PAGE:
Dynamical simulation illustrates the behavior of a stiff molecule
The panels above (the first is an animated GIF) show a 10 ps MM2-based molecular mechanics simulation of the molecular physics of a stiff rod and sliding ring in vacuum (atoms: 606, length: 7.4 nm). The rod is built almost exclusively of hydrogen-terminated carbon in a diamond-like structure; the ring is built of oxygen and hydrogen-terminated silicon. In addition, both parts have several charged ammonium groups, totaling +3e on the lower surface of the rod and +6e on the upper surface of the ring. Electrostatic repulsion presses the ring upward (for contrast, see what happens when the ring starts at the bottom!).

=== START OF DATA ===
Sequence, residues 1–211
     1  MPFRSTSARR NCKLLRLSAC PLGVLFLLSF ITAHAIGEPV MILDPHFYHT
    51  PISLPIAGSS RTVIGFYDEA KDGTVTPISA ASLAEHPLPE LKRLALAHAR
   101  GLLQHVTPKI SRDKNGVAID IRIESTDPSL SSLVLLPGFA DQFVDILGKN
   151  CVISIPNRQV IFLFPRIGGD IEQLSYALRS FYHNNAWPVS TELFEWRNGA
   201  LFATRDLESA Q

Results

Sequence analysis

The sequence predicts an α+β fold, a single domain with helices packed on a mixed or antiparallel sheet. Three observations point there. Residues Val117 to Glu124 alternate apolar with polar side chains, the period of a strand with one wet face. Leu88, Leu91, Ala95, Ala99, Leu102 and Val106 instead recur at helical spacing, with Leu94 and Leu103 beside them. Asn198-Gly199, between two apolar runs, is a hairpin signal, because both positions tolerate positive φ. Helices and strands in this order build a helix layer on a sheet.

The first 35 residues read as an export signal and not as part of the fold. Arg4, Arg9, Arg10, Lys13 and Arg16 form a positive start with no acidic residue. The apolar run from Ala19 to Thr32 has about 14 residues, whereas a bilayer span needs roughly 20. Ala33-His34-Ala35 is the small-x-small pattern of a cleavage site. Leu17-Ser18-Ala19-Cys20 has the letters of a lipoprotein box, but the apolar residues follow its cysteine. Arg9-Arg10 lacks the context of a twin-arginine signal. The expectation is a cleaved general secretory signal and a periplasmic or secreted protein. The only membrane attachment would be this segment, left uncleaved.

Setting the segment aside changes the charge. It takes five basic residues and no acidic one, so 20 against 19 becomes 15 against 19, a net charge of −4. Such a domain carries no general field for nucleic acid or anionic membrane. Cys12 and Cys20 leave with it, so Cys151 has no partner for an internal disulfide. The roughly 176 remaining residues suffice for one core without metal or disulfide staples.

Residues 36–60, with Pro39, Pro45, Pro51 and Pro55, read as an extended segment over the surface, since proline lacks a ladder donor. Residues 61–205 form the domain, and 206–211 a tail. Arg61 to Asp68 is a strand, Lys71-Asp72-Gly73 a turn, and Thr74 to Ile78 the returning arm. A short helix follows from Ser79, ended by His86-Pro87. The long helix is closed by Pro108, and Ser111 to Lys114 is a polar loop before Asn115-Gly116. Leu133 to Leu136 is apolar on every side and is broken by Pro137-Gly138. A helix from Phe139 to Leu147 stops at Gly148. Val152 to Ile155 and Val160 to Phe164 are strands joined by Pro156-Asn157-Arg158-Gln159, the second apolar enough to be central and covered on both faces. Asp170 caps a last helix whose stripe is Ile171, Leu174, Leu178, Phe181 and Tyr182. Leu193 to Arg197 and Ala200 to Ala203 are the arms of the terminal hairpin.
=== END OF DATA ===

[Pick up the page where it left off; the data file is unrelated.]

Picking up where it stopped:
The kinds of atoms and bonds forming the rod are the same as those in floppy structures (such as a rotaxane), but arranged differently. Comparing the simulations of the rod and the rotaxane makes clear the enormous qualitative difference between stiff and conformationally flexible structures of similar size. The molecular sciences to date have focused chiefly on structures of the latter sort, owing to the limitations of biological and solution-phase organic synthesis. Molecular manufacturing will enable the fabrication of structures that violate many of the intuitions that scientists have developed in working with floppy molecules.
Note that this is, by molecular mechanical engineering standards, a rather flexible structure because the rod is long and thin. Reliable positioning of tools with sub-bond-length accuracy at room temperature requires more rigid structures of the sort described in Nanosystems, pp. 398409.